The Torments of Job

What is a sated man?
A sated man is a finished man, lost.
What’s left for him to hope for?
Everything’s full, blocked, sealed up,
lying there motionless, breathing laboured,
feeling like life itself is a heavy stone on his heart,
the greatest despair you can imagine!

After that kind of darkness the horizon can only get brighter

Translated by: Naaman Tammuz

Premiere: 1981
Directed by: Hanoch Levin
Theatre: The Cameri Theatre
Number of characters: 20
Subjects: Violence, Religion and Faith, The Bible, Death

Costume and stage design: Ruth Dar

Original music: Foldi Shatzman

Participants: Yossef Carmon - Job; Albert Cohen - Elipaz; Ilan Dar - Bildad; Yitshak Hikzia - Tsofar; Sassi Sa'ad - Officer, Beggar, Herald of poverty; Dov Reizer - Head Bailiff, Pathetic clown; Mati Sarry - Beggar, Herald of poverty, Herald of death, Cynical clown; Reuven Sheffer - Beggar, Midget; Rose Meshichi - Guest, Stripper; Yehuda Fuchs - Circus manager; Ami Weinberg - Beggarish beggar, Herald of death; Eli Glazer - Herald of poverty, Herald of death, Jesus; Irmy Amir - Beggar, Sergeant.

Musicians: Micha Blecherovitz - piano; Benny Kadishzon - percussion; Avi Shiloh - clarinet; Dan Shwartzman - french horn; Itay Krispin - contrabass. 


Job, a rich merchant and true believer in God, prepares a feast for his friends, who leave the left-overs for beggars to nibble on. Meanwhile the last of the beggars, who sups on the vomit of the sated, patiently awaits his meal. But Job unexpectedly suffers three blows of fate, one after the next: All his property is lost, his sons all die, and boils infect his flesh. Naked and broke, he scratches himself senseless atop the ruins of his house. His friends, Elipaz, Bildad and Tsofar, come to console him and find a wrecked man who has lost his belief in God along with a grip on reality. Their attempts to set him back on faith's trail through convincing and bitter arguments are all in vain. The afflicted Job needs the comfort that delusion brings, and so as one of the friends conjures a sweet and charitable God, Job falls for it.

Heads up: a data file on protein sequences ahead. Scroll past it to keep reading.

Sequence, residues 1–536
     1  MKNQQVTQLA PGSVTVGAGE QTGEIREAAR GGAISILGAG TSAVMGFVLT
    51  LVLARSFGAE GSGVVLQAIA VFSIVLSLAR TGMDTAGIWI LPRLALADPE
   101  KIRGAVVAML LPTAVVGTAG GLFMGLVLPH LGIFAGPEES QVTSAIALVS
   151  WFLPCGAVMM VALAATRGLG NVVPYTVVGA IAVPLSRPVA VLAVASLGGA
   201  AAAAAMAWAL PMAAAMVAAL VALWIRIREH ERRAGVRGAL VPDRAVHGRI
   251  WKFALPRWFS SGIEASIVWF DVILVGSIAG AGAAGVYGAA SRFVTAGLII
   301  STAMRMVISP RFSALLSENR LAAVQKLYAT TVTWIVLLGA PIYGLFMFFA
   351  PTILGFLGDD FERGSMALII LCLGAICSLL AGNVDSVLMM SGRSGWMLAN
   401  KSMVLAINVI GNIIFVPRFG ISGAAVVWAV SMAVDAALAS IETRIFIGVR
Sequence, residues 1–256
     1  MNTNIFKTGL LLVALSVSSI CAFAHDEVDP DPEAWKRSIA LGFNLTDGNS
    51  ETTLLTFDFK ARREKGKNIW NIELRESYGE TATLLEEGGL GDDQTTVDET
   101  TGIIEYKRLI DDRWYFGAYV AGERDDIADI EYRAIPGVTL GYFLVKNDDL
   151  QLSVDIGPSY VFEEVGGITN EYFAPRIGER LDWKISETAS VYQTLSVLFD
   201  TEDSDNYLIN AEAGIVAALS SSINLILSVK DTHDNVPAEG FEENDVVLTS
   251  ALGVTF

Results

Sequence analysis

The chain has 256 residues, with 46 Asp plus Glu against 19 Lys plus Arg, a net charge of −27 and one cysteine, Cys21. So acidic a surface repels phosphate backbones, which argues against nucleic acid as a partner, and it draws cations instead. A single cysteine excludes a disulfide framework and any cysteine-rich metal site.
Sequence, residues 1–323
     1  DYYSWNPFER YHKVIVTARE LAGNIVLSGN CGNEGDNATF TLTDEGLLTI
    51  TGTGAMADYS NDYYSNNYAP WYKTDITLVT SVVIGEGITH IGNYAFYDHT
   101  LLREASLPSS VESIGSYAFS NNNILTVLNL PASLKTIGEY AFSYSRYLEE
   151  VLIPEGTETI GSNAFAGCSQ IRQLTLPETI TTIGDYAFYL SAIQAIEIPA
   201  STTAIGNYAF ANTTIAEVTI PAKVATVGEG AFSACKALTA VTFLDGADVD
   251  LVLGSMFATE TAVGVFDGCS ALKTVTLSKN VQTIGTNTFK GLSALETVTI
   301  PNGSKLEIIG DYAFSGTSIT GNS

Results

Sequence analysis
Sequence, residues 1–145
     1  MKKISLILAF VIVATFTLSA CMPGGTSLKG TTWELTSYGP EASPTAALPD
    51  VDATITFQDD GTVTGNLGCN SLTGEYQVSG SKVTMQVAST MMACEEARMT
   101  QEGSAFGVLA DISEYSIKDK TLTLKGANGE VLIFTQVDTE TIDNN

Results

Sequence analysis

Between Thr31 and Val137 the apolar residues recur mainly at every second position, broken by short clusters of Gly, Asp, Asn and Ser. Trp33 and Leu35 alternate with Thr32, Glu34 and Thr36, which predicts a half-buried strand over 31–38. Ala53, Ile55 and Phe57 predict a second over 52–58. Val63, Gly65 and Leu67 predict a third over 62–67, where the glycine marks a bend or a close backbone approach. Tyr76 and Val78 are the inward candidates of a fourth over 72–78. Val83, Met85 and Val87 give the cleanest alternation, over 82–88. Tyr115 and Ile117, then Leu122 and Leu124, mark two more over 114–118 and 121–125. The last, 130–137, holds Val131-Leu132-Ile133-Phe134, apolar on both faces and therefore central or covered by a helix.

Into Job's abode storm soldiers of the new Caesar who has ordered the abolition of all faith in God, punishing those who refuse to comply by torturing them to death at the stake. The three sober friends obey, afraid for their own skin. But Job, trapped in his sweet delusion, refuses and is put on the stake. 

A passing travelling circus buys Job's final hour of misery from the soldiers as a new attraction for their show. Surrounded by music, clowning and dancing, Job hangs dying at the stake. As he gasps his final gasps, Job finally awakens from his delusion and, as he faces the great void, forsakes his belief and dies. The patient beggar appears again, licks up Job's vomit and faeces then proclaims his belief in God.

Productions abroad

Theater for the New City (New York City, New York, 2006) - translated by S. K. Azoulay / Directed by David Paul Willinger

The Jewish Theater (Stockholm, Sweden, 2011) / Directed by Philip Zandén

Le Menteur Volontaire, France (2011) / Directed by Laurent Brethome

This work was translated to: English, Polish, French

French   Éditions Théâtrales, France (2001)

English   Barbara Harshav, The Stanford University Press (2003)

Polish     ADIT Publishing, Poland (2009)